Extracranial carotid artery aneurysms

Surgery. 1983 Feb;93(2):319-23.


Carotid artery aneurysms are rare, however, serious complications may result--namely, rupture, thrombosis, or emboli. Five distinct clinical types of aneurysms are reported with different symptoms and treatment. Fusiform, saccular, false, and mycotic aneurysms are best treated with interposition autogenous vein grafting. Spontaneous dissection aneurysms are best treated initially with anticoagulation and follow-up angiography. Recanalization is the usual result. Meticulous surgical technique to prevent perioperative emboli is essential to prevent central nervous system complications.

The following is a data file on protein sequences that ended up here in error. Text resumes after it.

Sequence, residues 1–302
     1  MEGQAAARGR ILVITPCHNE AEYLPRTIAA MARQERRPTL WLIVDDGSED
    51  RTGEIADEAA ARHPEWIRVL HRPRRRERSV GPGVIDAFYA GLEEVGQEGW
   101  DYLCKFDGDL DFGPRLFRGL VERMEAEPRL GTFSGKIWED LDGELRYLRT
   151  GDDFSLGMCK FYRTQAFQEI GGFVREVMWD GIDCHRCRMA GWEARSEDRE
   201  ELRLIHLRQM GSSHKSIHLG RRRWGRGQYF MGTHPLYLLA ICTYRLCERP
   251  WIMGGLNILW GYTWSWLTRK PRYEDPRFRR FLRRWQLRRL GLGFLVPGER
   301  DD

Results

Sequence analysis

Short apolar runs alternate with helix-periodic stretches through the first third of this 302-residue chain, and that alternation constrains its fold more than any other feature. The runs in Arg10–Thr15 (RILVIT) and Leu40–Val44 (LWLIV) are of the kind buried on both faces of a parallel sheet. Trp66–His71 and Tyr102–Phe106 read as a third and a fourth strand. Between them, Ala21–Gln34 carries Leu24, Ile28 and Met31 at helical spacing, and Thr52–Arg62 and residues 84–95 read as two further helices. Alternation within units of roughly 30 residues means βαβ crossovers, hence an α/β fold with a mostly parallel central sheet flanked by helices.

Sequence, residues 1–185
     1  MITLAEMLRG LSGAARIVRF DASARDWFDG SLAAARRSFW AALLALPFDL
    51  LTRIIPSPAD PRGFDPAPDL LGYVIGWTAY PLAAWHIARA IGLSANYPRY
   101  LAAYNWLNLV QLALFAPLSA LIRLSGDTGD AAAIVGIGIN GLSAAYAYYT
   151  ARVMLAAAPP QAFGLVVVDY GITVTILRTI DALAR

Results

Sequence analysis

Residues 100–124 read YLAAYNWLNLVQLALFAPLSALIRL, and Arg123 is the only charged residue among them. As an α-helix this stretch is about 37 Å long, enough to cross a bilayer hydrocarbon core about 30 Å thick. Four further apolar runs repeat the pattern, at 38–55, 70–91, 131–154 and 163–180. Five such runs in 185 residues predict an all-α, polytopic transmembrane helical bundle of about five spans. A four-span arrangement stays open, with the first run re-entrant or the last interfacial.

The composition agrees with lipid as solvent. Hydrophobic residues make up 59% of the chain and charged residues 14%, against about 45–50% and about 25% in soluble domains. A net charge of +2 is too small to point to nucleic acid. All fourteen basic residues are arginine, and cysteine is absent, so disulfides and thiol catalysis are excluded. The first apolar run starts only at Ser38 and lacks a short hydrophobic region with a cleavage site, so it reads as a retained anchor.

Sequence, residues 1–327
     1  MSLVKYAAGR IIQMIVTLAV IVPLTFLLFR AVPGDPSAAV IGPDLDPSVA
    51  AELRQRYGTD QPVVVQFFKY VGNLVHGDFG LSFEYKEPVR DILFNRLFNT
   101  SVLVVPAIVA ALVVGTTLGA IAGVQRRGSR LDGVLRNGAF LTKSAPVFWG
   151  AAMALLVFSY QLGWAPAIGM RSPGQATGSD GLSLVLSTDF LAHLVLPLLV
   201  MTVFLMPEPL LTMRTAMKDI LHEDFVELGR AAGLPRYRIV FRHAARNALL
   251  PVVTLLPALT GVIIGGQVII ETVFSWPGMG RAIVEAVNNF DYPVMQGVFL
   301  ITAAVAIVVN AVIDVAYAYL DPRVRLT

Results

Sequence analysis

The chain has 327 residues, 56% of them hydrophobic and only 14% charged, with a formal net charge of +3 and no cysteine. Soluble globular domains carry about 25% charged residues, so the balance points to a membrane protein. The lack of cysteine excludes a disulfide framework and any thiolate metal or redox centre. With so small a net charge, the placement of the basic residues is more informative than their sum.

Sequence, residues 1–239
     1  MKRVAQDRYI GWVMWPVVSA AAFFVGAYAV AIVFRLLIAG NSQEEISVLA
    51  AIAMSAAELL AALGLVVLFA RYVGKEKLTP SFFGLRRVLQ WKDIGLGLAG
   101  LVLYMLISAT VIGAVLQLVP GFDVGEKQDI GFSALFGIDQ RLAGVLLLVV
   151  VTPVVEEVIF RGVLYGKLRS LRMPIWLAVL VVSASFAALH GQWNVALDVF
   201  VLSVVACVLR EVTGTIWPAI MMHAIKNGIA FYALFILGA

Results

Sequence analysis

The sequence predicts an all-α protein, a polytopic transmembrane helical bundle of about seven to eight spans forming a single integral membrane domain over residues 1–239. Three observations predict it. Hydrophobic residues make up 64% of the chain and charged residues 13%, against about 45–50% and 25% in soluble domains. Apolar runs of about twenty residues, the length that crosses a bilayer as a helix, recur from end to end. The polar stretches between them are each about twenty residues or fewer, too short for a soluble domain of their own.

MeSH terms

  • Adult
  • Aged
  • Aneurysm / surgery*
  • Aneurysm, Dissecting / diagnostic imaging
  • Aneurysm, Dissecting / drug therapy
  • Aneurysm, Infected / etiology
  • Aneurysm, Infected / surgery
  • Anticoagulants / therapeutic use
  • Carotid Arteries / diagnostic imaging
  • Carotid Artery Diseases / pathology
  • Carotid Artery Diseases / surgery*
  • Carotid Artery, Internal / diagnostic imaging
  • Endarterectomy
  • Female
  • Humans
  • Radiography
  • Staphylococcal Infections / complications
  • Veins / transplantation


  • Anticoagulants